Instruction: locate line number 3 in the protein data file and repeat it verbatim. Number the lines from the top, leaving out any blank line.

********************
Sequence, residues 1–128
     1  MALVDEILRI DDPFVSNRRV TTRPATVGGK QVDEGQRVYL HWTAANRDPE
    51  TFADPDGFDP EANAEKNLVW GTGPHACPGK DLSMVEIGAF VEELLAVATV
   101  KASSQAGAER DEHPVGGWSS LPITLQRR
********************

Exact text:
    51  TFADPDGFDP EANAEKNLVW GTGPHACPGK DLSMVEIGAF VEELLAVATV